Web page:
Just a few hours ago, we were on a boat!

Once in a lifetime #fairytalelife

 

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The first day of Spring was yesterday which clearly means I was thinking panicking about summer. I’m still waiting on a handful of decisions from summer opportunities – whether that’s interning in Cambridge, San Diego or abroad. Without peace of mind, I can’t help but stretch myself a little thin and continue applying to more jobs, but this task gets difficult every time I’m reminded that I’m also a student taking classes. I guess the majority of my anxiety stems from what happened last summer.

Here’s a reflection blog I wrote a few months ago that I never posted – think of it as vintage!

                Paid internship, international travel, and pinnacle life revelations – those are the three elements every Harvard student needs to incorporate into their summer plans. It can’t be that difficult to execute if you budget one per month, right?

                This is what it can start to feel like in the high-achieving Harvard environment. Yet, I’m not so sure if I achieved any of the above during my first summer as a Harvard student. Then why do I feel so accomplished, fulfilled, and refreshed? Probably because I spent the summer my way and since I’m a Harvard student, then it’s also the Harvard way. As infallible as my deductive reasoning skills can be, this connection originated after much internal struggle and I’m honestly still in the progress of genuinely accepting that my nontraditional summer was indeed a meaningful one, filled with memories and experiences I’m excited to catalyze my future with.

                I ended my freshman year the same way I began it – scrubbing stainless steel showers in the entryways of (the freshman dorm) Wigglesworth as the university’s Dorm Crew employee (take my continued involvement as a STRONG encouragement to look into pre-orientation programs!). After a long week of dust bunnies and a six hour flight to sunny San Diego, my body was reunited with my memory foam mattress just like how your favorite pair of jeans flatteringly curves along your muscular legs. But just like how your favorite jeans grow raggedy, my body grew tired of lying in bed all day.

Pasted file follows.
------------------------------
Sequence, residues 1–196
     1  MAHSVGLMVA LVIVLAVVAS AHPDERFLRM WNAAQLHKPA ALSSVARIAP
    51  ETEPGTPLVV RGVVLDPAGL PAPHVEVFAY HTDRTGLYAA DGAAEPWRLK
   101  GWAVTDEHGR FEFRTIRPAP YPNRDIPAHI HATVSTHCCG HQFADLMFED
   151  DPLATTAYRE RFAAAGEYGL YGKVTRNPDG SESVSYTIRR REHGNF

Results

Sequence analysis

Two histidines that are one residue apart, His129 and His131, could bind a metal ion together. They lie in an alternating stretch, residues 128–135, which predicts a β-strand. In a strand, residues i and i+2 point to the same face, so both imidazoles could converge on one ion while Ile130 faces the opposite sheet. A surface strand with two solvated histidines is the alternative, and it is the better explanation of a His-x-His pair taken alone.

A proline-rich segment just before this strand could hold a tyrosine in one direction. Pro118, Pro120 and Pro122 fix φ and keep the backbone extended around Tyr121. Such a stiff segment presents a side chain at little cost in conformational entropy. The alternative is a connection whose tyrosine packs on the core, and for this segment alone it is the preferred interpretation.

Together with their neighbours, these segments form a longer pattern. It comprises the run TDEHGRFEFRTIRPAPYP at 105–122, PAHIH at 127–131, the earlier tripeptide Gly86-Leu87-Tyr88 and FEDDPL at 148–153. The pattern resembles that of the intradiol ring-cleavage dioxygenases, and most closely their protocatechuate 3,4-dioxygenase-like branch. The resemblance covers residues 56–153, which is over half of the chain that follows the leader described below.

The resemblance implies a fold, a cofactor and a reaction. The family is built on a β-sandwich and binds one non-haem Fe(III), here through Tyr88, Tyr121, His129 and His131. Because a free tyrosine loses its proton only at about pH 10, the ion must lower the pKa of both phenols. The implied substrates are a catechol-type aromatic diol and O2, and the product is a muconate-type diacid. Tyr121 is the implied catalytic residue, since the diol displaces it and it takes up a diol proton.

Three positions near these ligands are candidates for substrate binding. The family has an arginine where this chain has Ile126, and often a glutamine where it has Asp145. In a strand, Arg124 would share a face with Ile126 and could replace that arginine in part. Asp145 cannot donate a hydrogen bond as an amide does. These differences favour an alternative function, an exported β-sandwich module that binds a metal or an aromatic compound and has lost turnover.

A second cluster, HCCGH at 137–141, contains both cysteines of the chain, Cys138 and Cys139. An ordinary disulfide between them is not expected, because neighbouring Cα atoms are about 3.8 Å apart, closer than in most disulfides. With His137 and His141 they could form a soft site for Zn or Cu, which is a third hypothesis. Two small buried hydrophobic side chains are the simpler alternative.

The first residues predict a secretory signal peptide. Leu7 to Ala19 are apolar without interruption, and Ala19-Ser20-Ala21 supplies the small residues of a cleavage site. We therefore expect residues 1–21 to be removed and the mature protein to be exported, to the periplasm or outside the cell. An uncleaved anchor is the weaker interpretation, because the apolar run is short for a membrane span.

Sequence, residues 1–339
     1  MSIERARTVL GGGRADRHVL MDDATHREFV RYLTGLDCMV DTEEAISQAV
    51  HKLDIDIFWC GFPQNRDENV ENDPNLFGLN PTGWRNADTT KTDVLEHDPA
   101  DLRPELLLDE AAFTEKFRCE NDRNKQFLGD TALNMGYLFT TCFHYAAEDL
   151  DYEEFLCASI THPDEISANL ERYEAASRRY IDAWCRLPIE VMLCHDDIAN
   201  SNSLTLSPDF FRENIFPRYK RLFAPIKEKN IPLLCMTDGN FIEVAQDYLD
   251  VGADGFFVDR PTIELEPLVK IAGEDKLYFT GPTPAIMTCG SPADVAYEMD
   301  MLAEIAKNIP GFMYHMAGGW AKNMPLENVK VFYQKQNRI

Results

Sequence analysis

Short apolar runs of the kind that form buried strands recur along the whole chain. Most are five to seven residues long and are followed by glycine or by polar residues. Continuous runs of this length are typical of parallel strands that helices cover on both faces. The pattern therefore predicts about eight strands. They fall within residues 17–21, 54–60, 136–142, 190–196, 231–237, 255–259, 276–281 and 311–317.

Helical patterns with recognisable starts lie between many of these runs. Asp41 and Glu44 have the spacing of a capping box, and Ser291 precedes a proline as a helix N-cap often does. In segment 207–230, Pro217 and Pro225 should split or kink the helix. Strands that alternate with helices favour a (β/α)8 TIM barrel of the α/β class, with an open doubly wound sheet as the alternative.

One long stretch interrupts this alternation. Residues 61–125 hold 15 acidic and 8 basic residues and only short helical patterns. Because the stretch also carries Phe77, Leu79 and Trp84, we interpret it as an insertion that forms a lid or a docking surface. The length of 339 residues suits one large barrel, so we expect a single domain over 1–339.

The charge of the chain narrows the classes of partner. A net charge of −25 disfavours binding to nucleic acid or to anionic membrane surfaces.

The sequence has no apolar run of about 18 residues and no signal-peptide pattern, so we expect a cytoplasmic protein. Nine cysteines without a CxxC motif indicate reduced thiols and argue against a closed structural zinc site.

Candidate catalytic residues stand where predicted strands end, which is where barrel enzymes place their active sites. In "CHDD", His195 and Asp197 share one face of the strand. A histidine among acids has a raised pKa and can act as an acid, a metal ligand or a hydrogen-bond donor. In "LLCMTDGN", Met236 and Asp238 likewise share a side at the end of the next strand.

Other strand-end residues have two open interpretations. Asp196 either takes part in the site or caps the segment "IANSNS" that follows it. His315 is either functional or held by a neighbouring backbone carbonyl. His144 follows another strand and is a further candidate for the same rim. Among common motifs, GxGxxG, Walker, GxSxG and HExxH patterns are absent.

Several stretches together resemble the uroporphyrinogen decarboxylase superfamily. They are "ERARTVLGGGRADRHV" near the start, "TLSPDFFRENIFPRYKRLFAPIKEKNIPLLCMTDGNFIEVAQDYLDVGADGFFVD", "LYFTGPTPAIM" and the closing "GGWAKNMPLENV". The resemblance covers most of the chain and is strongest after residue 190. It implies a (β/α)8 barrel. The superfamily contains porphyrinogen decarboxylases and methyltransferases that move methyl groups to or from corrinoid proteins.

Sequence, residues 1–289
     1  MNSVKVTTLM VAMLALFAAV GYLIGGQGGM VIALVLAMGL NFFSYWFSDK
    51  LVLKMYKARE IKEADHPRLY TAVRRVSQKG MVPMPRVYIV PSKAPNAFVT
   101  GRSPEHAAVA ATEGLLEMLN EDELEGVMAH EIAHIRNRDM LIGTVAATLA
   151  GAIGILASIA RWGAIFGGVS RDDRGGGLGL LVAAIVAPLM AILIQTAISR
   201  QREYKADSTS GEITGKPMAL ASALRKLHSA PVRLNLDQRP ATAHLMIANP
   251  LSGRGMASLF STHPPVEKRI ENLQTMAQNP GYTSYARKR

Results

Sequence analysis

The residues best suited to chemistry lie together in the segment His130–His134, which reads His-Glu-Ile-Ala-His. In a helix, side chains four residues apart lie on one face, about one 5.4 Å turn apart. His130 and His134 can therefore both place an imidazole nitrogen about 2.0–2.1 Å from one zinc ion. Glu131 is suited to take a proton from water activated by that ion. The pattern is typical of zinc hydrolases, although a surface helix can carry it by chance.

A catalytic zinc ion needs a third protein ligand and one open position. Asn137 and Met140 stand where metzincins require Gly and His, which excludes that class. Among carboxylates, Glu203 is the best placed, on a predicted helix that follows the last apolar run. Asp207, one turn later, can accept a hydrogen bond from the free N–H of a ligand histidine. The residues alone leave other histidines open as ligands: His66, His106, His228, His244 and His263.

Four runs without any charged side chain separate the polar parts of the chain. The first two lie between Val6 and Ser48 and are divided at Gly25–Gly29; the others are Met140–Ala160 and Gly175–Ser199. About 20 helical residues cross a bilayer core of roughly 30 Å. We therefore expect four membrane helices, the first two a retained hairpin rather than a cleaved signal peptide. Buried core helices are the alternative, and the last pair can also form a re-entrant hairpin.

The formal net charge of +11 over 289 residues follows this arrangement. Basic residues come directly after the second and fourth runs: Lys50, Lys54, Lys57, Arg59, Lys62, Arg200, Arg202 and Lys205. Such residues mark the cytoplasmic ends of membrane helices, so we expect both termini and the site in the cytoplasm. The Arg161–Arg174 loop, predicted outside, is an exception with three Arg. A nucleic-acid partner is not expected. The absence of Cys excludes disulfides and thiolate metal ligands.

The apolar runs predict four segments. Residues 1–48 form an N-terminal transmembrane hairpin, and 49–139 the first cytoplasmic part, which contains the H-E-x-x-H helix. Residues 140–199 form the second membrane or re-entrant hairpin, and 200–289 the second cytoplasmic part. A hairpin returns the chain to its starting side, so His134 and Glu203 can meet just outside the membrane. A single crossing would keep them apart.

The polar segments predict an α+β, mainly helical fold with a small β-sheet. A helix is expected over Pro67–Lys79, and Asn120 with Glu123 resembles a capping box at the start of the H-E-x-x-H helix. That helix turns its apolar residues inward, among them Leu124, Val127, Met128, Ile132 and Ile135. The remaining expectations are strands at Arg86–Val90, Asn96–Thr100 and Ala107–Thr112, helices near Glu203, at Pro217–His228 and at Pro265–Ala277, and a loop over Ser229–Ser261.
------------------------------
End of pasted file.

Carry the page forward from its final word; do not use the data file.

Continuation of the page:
I booked a one way flight home without any jobs, internships or projects lined up. I dropped all my plans of researching in Cambridge and servicing rural communities in Bolivia when my grandmother’s leukemia dramatically worsened. All I had wanted at the beginning of summer was to spend time with her and although that was exactly what I was doing, I started to feel inadequate and embarrassed when my Facebook newsfeed flooded with updates regarding consulting job offers and international adventures. It came down to either: A) assisting my grandmother while sending out invitations for my self-pity party; or B) pursuing my interests in science and ultimately creating a productive summer which would direct me down a less hazy career path. As my jaw hung low and I mentally projected the most negative portrayal of what my future could be, I remembered I could have both. If I could ever impose any sense of wisdom on the world, it would be to take advantage of every opportunity when you don’t have to divide and conquer, simply because you can just conquer it all!

                I began to pioneer a more active role in my grandmother’s health. I researched everything from the molecular background of leukemia to folkloric rituals that reported mysterious health benefits. I attended her bi-daily doctor appointments which not only catapulted my Vietnamese fluency, but also my medical vocabulary – so much so that I felt comfortable enough to email oncologists at local hospitals and universities. These contacts led to shadowing opportunities as well as prominent roles in their clinical research work. I wasn’t receiving monetary compensation, but my exposure and experiences serve as invaluable resources in my arsenal of knowledge. I can’t imagine my previous summer plans igniting my passions of pursuing the medical career path as much as my unplanned summer did. I also never imagined enjoying Vietnamese soap operas or the craft of crochet as much as my grandma does, but that’s what an unplanned summer can do for you if you’re willing to embrace the unknown.

Going back and rereading my thoughts definitely comforted me! (Diaries are not only for elementary girls!) At the moment, my short term goals are stay focus & positive and enjoy the Spring! Cambridge is bringing in gorgeous weather – take that SoCal rain.

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During this week, the majority of Harvard students are on Spring Break; but I’m a rebel so I’m on Alternative Spring Break (ASB).

Making it big on the front cover